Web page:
Asking and Questioning

On pages 323 and 324 of our textbook, "Science and Health with Key to the Scriptures," speaking of the voice of Truth, Mrs. Eddy writes: "We are either turning away from this utterance, or we are listening to it and going up higher. Willingness to become as a little child and to leave the old for the new, renders thought receptive of the advanced idea. Gladness to leave the false landmarks and joy to see them disappear,—this disposition helps to precipitate the ultimate harmony." To those inquirers into Christian Science whose questions are captious and argumentative, rather than calculated to aid progress, this tender counsel, if listened to in a spirit of humility, is very beneficial.

Suppose one were journeying through an unknown country to a place of which he had heard such favorable report that he wished to make it his home. He would be compelled to ask information regarding his way, equipment, supplies, and so on, of those who already knew these necessary details; and he would have to learn something of the language spoken there. Suppose he resented the sound of this language, and instead of listening and learning, he scolded at those who were trying to help him, interrupting their well-intentioned answers by insisting: "You are not telling me what I want to know. You are uttering a succession of meaningless words which irritate and annoy me. My questions are being evaded." How much progress would he make? Would it not be better for him to listen carefully, applying the little he had thus far learned of the new tongue and of the manners and customs of this country, to help him to a right interpretation of what was being said? Would not humility and patience be far better qualities in his service than arrogance, haste, and criticism?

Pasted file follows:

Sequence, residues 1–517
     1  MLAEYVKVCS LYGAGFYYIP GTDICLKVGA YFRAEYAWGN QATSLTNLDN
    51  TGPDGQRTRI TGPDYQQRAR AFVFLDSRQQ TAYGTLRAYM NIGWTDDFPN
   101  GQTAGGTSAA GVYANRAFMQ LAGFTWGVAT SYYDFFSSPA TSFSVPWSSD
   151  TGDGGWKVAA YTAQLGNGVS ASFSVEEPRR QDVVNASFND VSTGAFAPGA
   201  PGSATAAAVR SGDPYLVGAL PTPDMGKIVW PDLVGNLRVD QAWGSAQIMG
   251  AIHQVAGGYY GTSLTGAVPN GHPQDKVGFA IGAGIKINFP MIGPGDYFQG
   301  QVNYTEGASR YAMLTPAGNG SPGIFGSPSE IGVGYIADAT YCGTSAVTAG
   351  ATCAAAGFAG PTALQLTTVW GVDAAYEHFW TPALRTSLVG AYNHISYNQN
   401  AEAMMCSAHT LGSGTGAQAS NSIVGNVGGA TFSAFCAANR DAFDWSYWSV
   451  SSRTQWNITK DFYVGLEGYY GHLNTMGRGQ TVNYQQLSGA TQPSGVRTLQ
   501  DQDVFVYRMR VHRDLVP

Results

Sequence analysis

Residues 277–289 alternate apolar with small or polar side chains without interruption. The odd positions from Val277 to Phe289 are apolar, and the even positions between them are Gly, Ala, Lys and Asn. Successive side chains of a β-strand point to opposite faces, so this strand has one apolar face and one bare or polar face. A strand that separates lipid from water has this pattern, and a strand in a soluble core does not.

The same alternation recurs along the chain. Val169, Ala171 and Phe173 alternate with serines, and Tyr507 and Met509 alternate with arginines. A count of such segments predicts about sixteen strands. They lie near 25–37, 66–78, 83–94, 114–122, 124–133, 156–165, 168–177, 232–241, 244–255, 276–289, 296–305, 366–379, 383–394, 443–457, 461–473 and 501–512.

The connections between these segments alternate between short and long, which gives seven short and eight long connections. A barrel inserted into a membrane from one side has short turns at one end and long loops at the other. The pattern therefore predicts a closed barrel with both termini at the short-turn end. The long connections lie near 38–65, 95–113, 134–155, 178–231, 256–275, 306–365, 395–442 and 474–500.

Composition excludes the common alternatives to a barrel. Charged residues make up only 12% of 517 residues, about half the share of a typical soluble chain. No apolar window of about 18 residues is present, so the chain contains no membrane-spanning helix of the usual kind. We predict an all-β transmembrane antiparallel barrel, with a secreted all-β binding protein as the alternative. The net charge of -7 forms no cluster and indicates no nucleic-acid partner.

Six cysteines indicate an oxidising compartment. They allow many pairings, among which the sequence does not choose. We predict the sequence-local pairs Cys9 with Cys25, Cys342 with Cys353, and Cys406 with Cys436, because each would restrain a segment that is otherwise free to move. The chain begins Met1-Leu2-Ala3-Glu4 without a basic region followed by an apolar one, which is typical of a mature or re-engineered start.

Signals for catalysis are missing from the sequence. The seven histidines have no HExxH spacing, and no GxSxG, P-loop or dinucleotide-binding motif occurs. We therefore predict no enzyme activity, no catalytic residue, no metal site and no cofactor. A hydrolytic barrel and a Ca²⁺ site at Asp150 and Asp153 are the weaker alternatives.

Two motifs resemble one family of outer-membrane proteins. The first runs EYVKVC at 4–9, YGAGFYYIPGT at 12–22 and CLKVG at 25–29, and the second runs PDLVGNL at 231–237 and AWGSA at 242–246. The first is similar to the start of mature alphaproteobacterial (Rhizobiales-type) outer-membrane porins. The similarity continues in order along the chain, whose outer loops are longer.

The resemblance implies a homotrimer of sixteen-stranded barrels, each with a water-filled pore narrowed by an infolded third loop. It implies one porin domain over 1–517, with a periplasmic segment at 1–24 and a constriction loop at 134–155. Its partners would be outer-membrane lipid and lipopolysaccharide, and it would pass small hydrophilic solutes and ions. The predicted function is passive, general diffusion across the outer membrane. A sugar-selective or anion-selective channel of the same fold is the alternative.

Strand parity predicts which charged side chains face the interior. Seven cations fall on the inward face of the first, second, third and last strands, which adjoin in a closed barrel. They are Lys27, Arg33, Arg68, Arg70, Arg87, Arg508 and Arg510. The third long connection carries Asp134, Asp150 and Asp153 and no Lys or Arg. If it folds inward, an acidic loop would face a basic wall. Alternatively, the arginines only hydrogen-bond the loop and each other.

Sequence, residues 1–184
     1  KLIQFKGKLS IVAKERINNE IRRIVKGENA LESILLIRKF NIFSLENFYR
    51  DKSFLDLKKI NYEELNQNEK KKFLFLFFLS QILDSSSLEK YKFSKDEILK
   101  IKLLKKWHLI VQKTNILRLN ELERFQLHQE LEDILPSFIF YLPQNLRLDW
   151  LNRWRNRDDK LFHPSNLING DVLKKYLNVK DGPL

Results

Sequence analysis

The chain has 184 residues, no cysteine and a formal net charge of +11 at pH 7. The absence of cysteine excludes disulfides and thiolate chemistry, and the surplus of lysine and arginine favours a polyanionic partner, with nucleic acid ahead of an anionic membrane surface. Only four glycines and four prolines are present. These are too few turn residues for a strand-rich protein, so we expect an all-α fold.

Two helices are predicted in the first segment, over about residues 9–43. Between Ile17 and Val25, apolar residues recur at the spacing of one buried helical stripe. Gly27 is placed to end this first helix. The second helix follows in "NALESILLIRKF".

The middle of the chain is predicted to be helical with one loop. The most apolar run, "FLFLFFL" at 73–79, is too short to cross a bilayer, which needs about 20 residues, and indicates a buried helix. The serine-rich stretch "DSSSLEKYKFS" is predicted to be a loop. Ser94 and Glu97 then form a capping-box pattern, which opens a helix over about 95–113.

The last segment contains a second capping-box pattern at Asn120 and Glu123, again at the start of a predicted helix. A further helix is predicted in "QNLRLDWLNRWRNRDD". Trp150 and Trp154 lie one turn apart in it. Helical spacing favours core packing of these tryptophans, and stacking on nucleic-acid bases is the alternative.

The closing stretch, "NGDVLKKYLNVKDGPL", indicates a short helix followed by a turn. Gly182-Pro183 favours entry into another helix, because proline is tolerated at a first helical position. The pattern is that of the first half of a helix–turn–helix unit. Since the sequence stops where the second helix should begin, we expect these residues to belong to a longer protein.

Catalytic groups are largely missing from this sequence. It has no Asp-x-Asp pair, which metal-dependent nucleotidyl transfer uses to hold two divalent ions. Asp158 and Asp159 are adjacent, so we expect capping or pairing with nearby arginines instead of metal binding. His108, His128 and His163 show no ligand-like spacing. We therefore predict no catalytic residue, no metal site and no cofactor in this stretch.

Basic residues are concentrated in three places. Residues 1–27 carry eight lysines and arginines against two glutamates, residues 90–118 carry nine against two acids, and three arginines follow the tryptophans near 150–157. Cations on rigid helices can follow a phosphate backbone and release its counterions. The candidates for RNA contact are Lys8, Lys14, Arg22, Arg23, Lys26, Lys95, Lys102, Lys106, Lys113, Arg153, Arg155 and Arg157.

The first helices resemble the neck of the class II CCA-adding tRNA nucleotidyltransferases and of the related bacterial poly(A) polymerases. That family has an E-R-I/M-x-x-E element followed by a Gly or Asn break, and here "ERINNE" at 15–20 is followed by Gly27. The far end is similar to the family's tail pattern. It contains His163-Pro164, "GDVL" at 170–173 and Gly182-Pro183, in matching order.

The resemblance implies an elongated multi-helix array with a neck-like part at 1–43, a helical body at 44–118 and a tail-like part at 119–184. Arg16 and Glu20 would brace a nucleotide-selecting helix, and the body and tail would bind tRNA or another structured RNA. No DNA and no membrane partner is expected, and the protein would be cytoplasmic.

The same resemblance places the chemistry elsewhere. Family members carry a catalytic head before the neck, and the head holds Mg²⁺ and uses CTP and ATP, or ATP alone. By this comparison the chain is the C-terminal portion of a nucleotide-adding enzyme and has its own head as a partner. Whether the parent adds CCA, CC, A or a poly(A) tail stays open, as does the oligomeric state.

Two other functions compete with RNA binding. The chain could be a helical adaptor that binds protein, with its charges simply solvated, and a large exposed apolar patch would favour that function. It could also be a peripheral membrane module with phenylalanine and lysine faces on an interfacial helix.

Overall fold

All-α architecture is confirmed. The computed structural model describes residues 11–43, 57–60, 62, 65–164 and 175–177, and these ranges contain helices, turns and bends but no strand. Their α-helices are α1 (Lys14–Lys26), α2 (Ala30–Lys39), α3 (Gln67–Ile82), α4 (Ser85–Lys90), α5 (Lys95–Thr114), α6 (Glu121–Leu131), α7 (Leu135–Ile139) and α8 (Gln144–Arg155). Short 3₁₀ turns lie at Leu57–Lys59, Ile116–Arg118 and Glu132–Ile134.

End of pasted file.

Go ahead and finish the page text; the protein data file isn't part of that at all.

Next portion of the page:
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Freedom
November 11, 1922
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